To secure New York City’s pipeline for local food, treat produce like tap water: Protect the source.
Factory-farmed food fills most plates and stocks most supermarkets in New York City. But upstate, a scrappy network fights to build an alternative infrastructure to deliver better steaks and sausages.
Two refugees, a longtime community member, and the International Rescue Committee's New Roots program manager tell us how a Bronx garden melds resettlement efforts, job training, and good ole' fashioned community building, served up with a side of bitter melon.
Yael Friedman delves into the history of the City's former poor farm, plans underway to turn it into a luxury 55+ community, and the questions each raise for how best to adapt our existing models of housing to an increasingly aged population.
Geographer Marla Emery explains the nuances of urban foraging — its cultural and personal purposes, public health benefits and risks, and potential and pitfalls for land management.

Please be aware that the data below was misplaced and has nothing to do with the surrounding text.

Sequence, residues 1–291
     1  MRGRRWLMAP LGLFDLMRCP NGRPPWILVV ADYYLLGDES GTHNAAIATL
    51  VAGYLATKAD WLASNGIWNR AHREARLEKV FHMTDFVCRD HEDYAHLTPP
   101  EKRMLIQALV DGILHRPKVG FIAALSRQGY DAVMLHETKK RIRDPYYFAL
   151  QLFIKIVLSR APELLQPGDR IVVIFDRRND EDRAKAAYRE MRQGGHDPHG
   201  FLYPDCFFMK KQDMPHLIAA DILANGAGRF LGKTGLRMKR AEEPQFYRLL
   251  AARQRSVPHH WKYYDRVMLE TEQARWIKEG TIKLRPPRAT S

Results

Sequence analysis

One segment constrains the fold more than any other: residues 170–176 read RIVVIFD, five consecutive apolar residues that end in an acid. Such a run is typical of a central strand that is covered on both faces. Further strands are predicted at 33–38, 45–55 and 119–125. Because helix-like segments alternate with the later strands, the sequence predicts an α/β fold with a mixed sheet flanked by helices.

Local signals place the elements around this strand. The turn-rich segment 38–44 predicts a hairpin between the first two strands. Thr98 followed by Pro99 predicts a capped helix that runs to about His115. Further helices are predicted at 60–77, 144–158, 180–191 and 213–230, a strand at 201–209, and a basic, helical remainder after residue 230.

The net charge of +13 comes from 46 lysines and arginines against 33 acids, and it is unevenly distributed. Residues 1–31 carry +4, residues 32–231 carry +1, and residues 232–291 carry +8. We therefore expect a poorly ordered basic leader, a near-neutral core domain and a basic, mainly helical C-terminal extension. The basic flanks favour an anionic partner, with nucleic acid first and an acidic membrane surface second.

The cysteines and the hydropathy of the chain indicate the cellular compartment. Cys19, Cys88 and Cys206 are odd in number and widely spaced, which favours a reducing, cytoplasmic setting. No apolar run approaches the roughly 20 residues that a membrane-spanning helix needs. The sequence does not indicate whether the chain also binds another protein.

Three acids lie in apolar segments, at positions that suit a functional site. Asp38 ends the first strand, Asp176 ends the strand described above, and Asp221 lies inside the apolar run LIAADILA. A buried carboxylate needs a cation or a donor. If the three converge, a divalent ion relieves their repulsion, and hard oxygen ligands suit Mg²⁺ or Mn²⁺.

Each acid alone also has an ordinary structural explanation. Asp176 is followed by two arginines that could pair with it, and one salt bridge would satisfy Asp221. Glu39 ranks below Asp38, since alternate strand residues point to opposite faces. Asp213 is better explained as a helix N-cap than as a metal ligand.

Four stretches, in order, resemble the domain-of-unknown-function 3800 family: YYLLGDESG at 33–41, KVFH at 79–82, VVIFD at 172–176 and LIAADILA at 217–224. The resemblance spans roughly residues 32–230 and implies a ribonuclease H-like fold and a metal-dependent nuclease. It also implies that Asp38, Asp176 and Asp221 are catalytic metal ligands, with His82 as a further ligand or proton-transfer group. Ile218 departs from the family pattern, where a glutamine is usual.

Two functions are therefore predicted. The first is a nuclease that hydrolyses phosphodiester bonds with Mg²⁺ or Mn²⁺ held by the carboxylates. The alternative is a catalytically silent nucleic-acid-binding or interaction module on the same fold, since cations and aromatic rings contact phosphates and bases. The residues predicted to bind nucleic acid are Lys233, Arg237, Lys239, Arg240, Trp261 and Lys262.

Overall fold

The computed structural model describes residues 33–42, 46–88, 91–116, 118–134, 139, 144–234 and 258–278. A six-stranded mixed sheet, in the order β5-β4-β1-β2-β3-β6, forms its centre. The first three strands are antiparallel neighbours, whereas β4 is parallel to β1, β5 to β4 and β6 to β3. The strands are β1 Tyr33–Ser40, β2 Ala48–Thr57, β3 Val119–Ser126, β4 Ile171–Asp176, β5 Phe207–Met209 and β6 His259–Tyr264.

Food chain expert Karen Karp weighs in on the complex policies behind school lunches, equity and access to healthy food, and ambitious new initiatives to better connect New York City residents to upstate agricultural wealth.
Marlon Williams, Director of Cross Agency Partnerships at the NYC Department of Health and Mental Hygiene, describes how the city's built environment impacts health, his work with the Center for Health Equity, and the challenges and promise of cross-agency collaboration.
The production, distribution, preparation, and consumption of food has served as a frequent lens for many of our projects, field trips, and writers.